Massachusetts planned to up the visibility of law enforcement at transportation hubs following the detonation of a bomb in New York City’s main bus terminal Monday, but Gov. Charlie Baker said there were no known threats to the state.
Baker told reporters his administration had been in touch with the Fusion Center, an information-sharing cooperative of state and federal law enforcement, following the morning explosion that injured five, according to the New York Times, including the suspect who was taken into custody.
“We’re going to step up our presence in a number of public transportation space, but there is no immediate threat known at this time that involves anything in Boston or Massachusetts,” Baker said.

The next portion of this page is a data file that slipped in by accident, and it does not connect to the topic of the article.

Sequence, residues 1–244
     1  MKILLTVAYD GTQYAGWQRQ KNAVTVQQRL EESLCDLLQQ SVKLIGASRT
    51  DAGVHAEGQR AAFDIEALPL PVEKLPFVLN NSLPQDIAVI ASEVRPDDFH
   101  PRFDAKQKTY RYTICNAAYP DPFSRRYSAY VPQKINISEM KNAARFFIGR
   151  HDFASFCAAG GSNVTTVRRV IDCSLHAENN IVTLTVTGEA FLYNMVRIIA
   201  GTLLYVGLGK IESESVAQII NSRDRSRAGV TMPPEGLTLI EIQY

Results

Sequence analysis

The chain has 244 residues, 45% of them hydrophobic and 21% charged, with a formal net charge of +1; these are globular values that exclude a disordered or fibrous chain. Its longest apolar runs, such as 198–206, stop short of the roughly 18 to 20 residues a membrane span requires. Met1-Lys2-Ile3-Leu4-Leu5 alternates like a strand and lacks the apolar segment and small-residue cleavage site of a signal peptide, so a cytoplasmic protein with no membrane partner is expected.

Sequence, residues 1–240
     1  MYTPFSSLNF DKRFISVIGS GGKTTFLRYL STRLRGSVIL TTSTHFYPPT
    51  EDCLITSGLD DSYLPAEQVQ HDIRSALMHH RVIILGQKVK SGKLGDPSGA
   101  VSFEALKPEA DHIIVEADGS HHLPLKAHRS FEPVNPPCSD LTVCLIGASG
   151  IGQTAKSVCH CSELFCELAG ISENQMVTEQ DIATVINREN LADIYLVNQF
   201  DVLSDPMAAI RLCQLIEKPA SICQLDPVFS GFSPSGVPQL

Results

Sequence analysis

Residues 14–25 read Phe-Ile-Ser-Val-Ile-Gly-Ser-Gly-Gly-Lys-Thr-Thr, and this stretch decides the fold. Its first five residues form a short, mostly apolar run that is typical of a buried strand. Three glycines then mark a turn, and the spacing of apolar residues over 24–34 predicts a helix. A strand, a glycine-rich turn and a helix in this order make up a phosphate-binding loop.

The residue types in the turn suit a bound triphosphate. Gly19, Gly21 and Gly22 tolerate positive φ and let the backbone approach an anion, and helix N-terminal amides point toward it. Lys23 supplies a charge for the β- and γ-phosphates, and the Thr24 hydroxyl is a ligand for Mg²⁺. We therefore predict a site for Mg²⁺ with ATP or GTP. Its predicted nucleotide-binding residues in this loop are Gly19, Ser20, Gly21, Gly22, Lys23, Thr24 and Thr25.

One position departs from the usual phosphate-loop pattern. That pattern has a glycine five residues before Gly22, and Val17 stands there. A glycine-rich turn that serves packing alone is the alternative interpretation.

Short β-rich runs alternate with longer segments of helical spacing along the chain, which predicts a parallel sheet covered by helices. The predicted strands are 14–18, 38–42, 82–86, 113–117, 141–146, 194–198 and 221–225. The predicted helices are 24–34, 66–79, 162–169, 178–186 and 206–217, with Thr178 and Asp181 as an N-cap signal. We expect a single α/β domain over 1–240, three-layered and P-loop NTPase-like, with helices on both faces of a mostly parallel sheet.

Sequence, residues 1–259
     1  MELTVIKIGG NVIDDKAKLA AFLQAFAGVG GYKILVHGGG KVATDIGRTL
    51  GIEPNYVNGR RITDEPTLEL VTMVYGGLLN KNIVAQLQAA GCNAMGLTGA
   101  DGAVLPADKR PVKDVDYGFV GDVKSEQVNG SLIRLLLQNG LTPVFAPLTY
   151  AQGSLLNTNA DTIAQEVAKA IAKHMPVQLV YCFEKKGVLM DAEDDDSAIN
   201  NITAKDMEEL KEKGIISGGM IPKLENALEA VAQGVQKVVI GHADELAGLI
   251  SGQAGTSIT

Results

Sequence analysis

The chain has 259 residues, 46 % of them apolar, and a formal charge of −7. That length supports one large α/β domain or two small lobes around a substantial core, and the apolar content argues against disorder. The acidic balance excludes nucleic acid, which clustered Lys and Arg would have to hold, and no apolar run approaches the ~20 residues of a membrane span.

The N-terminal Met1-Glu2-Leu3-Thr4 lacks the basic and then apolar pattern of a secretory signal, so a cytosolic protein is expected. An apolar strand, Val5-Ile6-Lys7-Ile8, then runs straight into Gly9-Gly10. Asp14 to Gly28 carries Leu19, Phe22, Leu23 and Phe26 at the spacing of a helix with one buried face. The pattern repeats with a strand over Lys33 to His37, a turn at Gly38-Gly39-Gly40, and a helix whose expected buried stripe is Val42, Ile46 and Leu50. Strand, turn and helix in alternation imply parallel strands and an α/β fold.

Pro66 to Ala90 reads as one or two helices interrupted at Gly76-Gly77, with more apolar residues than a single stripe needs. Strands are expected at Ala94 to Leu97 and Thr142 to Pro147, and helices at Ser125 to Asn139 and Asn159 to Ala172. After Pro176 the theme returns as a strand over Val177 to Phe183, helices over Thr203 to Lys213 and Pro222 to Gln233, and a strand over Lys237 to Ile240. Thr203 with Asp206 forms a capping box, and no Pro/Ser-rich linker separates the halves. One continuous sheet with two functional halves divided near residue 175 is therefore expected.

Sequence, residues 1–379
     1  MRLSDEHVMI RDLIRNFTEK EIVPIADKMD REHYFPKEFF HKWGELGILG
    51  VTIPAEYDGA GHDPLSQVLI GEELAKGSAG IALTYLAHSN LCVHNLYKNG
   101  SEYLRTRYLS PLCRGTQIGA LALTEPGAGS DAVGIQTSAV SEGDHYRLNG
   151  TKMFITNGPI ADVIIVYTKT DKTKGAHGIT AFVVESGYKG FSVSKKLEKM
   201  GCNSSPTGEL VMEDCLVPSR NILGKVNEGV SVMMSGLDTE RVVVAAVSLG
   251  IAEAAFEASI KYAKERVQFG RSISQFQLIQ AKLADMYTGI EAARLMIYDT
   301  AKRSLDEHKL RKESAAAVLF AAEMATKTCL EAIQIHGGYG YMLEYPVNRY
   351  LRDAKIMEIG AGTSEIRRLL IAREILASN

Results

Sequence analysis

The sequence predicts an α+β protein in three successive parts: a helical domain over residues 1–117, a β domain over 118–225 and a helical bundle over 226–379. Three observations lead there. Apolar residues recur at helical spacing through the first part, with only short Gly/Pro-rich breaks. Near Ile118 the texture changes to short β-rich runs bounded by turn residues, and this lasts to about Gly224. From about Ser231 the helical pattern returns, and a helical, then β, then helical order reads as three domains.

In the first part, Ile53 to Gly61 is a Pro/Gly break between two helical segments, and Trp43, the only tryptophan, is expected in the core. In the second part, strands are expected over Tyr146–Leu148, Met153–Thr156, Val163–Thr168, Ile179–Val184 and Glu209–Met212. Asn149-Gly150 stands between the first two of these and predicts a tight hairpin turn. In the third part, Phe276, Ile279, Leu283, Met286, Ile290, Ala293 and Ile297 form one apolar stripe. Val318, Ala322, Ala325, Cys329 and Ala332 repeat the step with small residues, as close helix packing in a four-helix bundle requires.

Baker said it remains important for citizens to be alert, and so-called soft targets for acts of terrorism, such as North and South Stations and Logan Airport, will always be on a “high-priority list” for law enforcement.
Asked about the idea of metal detectors on the MBTA, Baker said, “I think the most important thing, again, is around this intelligence gathering piece and having a very visible presence in public spaces. And those are things that have been stepped up pretty much ever since Paris and I think those have proven to be the most effective strategies.”